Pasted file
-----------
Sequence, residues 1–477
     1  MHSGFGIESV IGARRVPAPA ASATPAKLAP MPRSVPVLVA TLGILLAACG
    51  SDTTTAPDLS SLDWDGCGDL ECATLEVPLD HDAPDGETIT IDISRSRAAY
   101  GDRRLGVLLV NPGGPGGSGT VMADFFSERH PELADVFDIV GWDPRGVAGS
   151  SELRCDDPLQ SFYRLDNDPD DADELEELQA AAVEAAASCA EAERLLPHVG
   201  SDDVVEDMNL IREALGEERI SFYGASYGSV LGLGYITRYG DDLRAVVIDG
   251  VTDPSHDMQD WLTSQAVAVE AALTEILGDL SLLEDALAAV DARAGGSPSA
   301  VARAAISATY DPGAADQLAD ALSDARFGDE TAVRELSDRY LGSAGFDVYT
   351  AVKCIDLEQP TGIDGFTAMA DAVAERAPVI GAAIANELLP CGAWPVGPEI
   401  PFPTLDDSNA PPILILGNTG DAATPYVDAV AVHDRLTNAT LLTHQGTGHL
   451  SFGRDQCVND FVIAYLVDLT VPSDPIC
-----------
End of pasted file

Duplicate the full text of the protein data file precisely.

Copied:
Sequence, residues 1–477
     1  MHSGFGIESV IGARRVPAPA ASATPAKLAP MPRSVPVLVA TLGILLAACG
    51  SDTTTAPDLS SLDWDGCGDL ECATLEVPLD HDAPDGETIT IDISRSRAAY
   101  GDRRLGVLLV NPGGPGGSGT VMADFFSERH PELADVFDIV GWDPRGVAGS
   151  SELRCDDPLQ SFYRLDNDPD DADELEELQA AAVEAAASCA EAERLLPHVG
   201  SDDVVEDMNL IREALGEERI SFYGASYGSV LGLGYITRYG DDLRAVVIDG
   251  VTDPSHDMQD WLTSQAVAVE AALTEILGDL SLLEDALAAV DARAGGSPSA
   301  VARAAISATY DPGAADQLAD ALSDARFGDE TAVRELSDRY LGSAGFDVYT
   351  AVKCIDLEQP TGIDGFTAMA DAVAERAPVI GAAIANELLP CGAWPVGPEI
   401  PFPTLDDSNA PPILILGNTG DAATPYVDAV AVHDRLTNAT LLTHQGTGHL
   451  SFGRDQCVND FVIAYLVDLT VPSDPIC